Yet again, the Taxi Survey rolleth around. This time around, happily, I was not involved in organising it.
I say happily because, whilst responsibility gives me a strange feeling of being worthwhile, it is also a large source of stress. Having forty-odd (not forty odd – well, hopefully not…) people standing out in the cold on the busy streets of Newcastle at night counting taxis inevitably has health and safety considerations (not least where on earth you go to pee).
The Taxi Survey, for the uninitiated, is a survey run by many local authorities in varying forms. The intention is to measure the supply and demand of “black cab” taxis in the city at the busiest times of a typical week. (NB this are the “hackney carriage” types of taxi which are allowed to pick up on the street, not private hire cabs, which can’t.)
You do this by having people with clipboards stand out on the street at the city centre’s taxi ranks between 10.30pm to 4am on a Thursday, Friday and Saturday, and count both the taxis and the people waiting for them, and how long both groups wait. Data geeks (like me) then feed this data into the computer to measure the supply and demand. To get the data, however, there’s no getting away from standing on the street, counting the taxis.
In previous years, I have been in the “Roving Car” which travels between the different taxi ranks to check that everyone is alright, has enough forms, knows what they’re doing, decides when the rank is so quiet that people can go home, etc. This is a fairly hefty responsibility, since you’re on call to sort out any problems both on the night and for the entire afternoon and evening before it, when you have to sort out replacements for people who drop out with flu / arthritis / sick dogs. Fortunately, I had my driver and wingman, Bob, for company. We got along very well, circling the city like a municipal version of Starsky and Hutch, occasionally pausing in a late-night café to drink bad coffee and discuss the meaing of life, the Glastonbury Festival, and Bob’s tattoos.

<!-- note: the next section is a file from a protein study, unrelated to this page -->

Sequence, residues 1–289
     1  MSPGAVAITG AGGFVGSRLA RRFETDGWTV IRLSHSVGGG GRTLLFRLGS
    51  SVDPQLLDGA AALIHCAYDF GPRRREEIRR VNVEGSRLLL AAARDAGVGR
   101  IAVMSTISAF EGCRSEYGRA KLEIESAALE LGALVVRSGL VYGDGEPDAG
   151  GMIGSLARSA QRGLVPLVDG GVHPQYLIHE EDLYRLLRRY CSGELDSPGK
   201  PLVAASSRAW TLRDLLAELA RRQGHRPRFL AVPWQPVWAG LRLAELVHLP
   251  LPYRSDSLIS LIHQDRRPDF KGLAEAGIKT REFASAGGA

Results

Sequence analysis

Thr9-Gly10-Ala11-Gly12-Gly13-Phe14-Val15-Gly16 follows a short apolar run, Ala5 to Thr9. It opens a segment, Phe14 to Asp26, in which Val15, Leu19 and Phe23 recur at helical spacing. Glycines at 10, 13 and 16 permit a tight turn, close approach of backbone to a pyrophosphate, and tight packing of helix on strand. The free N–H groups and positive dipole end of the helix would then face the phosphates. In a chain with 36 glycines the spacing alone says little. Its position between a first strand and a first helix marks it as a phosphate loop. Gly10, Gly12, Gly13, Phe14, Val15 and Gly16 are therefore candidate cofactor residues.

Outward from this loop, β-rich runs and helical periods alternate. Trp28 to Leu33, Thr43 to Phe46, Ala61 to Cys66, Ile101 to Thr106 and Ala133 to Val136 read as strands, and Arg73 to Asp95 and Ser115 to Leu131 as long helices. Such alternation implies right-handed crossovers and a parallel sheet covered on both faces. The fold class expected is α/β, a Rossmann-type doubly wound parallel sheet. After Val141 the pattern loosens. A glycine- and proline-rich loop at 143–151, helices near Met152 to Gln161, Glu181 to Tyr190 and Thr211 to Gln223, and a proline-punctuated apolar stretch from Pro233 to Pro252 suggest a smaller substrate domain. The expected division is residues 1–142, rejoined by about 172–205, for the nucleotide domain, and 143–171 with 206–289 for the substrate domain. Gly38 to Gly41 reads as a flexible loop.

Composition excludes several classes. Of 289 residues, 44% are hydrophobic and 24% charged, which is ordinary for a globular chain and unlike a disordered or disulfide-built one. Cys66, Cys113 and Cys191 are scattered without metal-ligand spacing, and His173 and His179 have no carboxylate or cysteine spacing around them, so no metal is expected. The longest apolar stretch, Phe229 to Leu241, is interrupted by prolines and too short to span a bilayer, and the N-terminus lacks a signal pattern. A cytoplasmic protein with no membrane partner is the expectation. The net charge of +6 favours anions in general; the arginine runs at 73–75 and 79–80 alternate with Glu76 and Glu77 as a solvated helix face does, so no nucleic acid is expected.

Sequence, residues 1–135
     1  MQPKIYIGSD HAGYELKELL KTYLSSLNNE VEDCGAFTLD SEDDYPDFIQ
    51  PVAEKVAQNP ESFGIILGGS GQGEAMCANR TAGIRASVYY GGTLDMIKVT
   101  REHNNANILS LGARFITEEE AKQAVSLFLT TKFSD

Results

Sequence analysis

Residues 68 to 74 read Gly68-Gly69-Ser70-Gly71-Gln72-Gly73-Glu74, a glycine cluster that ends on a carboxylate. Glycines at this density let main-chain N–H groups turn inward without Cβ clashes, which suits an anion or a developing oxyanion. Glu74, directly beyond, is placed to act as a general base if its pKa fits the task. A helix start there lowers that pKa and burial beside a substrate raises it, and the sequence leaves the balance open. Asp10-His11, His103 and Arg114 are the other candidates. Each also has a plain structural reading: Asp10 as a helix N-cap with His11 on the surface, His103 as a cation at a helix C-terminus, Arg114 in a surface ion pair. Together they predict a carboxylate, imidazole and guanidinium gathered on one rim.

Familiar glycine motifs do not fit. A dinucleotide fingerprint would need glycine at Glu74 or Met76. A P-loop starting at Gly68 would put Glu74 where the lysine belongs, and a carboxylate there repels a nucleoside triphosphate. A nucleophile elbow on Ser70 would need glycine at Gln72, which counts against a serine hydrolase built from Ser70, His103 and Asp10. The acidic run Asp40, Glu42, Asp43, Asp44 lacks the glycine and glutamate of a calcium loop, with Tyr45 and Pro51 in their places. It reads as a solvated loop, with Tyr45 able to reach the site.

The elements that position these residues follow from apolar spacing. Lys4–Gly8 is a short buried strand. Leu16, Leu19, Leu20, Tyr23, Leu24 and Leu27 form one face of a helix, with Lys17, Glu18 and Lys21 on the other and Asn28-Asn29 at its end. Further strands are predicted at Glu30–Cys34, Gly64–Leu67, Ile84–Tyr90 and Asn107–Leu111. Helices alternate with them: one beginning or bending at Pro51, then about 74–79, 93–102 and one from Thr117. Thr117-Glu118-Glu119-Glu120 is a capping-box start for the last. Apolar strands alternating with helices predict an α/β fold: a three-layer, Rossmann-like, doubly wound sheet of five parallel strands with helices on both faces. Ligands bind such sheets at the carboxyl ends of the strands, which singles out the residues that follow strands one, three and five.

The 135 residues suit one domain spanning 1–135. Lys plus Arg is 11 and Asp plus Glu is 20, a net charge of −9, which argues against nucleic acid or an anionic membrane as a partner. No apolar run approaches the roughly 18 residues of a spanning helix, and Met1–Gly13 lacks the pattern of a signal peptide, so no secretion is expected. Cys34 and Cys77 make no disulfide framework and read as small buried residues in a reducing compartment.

This year, running the survey has passed from my team to the other research team, so I was a grunt this year, just standing out on the street counting the taxis. Or sitting in my (work) partner P’s very large SUV, watching from there. P turned out to be a fellow scuba diver, so we had much to talk about as we sat on the side of the Haymarket Bus Station, watching the scanty supply of taxis hang around in the vain hope of a fare.
P told me an amusing story, as we watched the drunks stagger about. He was not a big drinker, and this apparently dated back to a time when, as a young man, he had been out drinking with his friends in the town, and been found by the police wandering down Grainger Street wearing a traffic cone on his head and singing “The Sun Has Got His Hat On”. The policeman who found him took him to the station, put him in a cell with a bucket and some water, and left the door unlocked. The following morning, he came back in and said: “Right, consider that your warning. Do that again and the door will be locked and you’ll be up in front of the beak the next morning”.